Over the past few months there have been many articles in the press about local councils’ imposing parking restrictions to help improve the flow of traffic and make parking more readily available. This includes Brighton Council’s attempt to make parking available for visitors to Preston Park, Nottingham and Leicester taking very different approaches to parking restrictions, and Westminster Council scrapping its parking charge after failing to alleviate congestion problems in the area. When I received a letter from my council telling me parking restrictions were now being considered in my area it prompted me to look long and hard at the different types of parking restrictions and their relative merits. Each type of restriction targets different types of road user to prevent certain types of parking behaviour, but which one is fairest?
In response the Council has suggested a number of possible solutions:
Double yellow lines on one side of the road
- Waiting restrictions to prevent road users parking on the road at certain periods of the day
- 24 hour controlled parking zone with permit parking for residents
- 2 hour controlled parking zone with permit parking for residents
Each of these solutions has one or more benefits such as improving the traffic flow, eliminating parking on pavements, preventing all day parking (by commuters). However, before making a decision the impacts of the solutions on the different types of road user should be considered.
- Local residents who do not commute by car and leave their car parked on the roads
- Local residents who commute by car
- Parents dropping their children off at the local school
- Suppliers / customers of local businesses
- Non-residents parking in the area to use the railway station
- Non-residents commuting into the area to work in town
This blog does not attempt to present the argument for any one solution; rather it provides some initial analysis to demonstrate the challenges that councils face when making this type of decision. To avoid turning a simple blog into a full research paper only three options are considered here; do nothing, introduce parking on one side of the road, and a combination of parking on one side of the road and mid-day waiting restrictions. The options selected would seem to be minor changes that may solve the problems but what are the impacts?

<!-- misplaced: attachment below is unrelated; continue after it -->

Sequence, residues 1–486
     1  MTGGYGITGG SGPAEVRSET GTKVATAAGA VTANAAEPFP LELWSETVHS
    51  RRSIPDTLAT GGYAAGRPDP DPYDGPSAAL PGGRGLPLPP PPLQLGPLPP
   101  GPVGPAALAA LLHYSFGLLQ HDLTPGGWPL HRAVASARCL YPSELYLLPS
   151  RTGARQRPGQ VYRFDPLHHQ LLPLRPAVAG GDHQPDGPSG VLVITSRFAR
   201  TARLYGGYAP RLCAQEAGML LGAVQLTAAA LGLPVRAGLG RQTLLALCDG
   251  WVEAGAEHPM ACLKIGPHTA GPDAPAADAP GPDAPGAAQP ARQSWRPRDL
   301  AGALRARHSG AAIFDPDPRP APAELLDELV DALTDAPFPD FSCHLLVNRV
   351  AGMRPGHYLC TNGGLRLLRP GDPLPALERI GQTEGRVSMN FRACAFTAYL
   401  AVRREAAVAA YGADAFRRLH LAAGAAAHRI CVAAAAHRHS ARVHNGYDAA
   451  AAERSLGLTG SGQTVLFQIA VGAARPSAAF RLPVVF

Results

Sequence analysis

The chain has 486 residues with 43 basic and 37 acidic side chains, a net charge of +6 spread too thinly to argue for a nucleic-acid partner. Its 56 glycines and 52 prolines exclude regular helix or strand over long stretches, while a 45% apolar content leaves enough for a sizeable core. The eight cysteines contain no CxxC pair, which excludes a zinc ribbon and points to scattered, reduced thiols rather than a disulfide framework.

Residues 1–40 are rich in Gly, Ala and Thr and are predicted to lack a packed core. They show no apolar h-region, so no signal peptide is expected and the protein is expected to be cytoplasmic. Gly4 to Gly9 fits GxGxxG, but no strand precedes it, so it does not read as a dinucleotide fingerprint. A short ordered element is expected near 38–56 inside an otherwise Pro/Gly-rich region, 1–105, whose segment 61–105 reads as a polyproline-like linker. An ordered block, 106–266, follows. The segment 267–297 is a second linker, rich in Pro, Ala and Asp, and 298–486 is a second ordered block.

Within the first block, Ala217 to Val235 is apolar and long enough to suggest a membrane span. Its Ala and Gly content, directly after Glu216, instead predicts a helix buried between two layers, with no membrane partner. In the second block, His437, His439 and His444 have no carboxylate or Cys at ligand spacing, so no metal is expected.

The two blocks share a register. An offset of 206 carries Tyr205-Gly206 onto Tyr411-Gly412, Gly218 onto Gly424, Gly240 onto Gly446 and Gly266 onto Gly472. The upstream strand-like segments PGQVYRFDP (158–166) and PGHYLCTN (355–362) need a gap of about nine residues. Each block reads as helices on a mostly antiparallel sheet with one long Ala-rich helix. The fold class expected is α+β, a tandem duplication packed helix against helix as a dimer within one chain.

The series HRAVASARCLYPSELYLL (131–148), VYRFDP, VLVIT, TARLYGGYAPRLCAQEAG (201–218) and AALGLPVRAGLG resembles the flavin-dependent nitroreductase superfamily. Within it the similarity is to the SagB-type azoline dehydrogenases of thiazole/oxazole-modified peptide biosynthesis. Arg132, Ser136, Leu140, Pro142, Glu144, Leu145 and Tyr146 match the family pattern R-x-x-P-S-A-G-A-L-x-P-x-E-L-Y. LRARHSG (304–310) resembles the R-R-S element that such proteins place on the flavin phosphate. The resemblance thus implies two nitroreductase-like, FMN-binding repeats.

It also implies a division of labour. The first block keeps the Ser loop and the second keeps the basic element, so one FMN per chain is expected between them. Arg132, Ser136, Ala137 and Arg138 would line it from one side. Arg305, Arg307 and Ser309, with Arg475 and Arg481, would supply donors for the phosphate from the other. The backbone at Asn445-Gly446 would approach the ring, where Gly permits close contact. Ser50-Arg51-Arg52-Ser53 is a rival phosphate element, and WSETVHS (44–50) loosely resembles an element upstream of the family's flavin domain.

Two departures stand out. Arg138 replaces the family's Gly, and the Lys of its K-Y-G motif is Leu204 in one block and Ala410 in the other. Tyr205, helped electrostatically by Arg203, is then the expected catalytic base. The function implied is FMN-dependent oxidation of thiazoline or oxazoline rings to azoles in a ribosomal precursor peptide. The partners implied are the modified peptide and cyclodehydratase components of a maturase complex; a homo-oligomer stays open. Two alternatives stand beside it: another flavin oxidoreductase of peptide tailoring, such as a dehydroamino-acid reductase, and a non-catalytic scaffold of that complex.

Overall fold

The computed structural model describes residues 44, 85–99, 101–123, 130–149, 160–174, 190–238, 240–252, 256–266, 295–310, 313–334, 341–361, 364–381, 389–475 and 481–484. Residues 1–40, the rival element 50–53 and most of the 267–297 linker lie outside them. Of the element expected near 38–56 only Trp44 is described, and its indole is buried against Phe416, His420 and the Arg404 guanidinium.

The simulation above tracks individual road users of different types as they attempt to find available parking space within in the local area. By capturing where all the individuals end up parking, compared to where they would like to, aggregate results can be used to evaluate how successful different types of road user are at finding a place to park, and whether they parked on the road they would have liked to. The above simulation was run over a 4 week period to test this.
Simulation of the current parking situation (without any restrictions) shows people are always able to find somewhere each time they attempt to park, even if it is not quite where they want it to be. Residents do well at being able to park on their preferred road when compared to other road users. Benchmarking the results above against the equivalent figures for our possible solutions provides us with some insight into what the impacts of the possible solutions will be.
The proposed solution to eliminate one of the problems, parking on pavements, is to limit parking to one side of the road in the areas where this issue occurs. Imposing this restriction on Spencer Gate and Sandridge Road solves the problem but roughly halves the parking capacity on these roads.
In systems such as this where parking availability is finely balanced, even a relatively small reduction of 33 parking places from the original 450 leads to some major changes. Now the number of residents who are able to park on the road they live is down from nearly 80% to below 60%. The reduction in parking places also means that some road users, including local residents, will be unable to find any parking in the area at all.
Like many areas near city centres and close to stations, extra pressure is placed on my area by large numbers of commuters parking on the roads during the day while they take the train into work. Arguably the council should endeavour to ensure that parking is available to local residents so the introduction of additional parking restrictions may be required to restrict the number of non-residents parking in the area.
Implementing a two hour waiting restriction on Boundary Road increases the number of commuters and local business customers/suppliers that cannot find parking to nearly 10%, but it has little impact on making more parking available to residents. With or without this restriction in place local residents are likely to make approximately 50 failed attempts to park in the area every 4 weeks
The situation improves for residents who commute to work; their chance of being able to park on their own road increases from around 50% up to 70%. However, the situation becomes worse for residents who leave their car parked on the road most of the time and only make occasional journeys; their chances of being able to park on their own road are now below 50% and they have a 5% chance of being unable to find any parking.
The analysis of these few options does not present a clear answer, but what is clear is that small changes, even to a single road can have major impacts on the availability of parking. Eliminating one problem can easily create another, and if councils want to make parking available to both residents and local business then they will have to consider their options very carefully.
It may not be a popular solution but, if other charge- free solutions prove equally ineffective, residents may have to accept the prospect of paying for permits in order to ensure there will always be space available for them to park.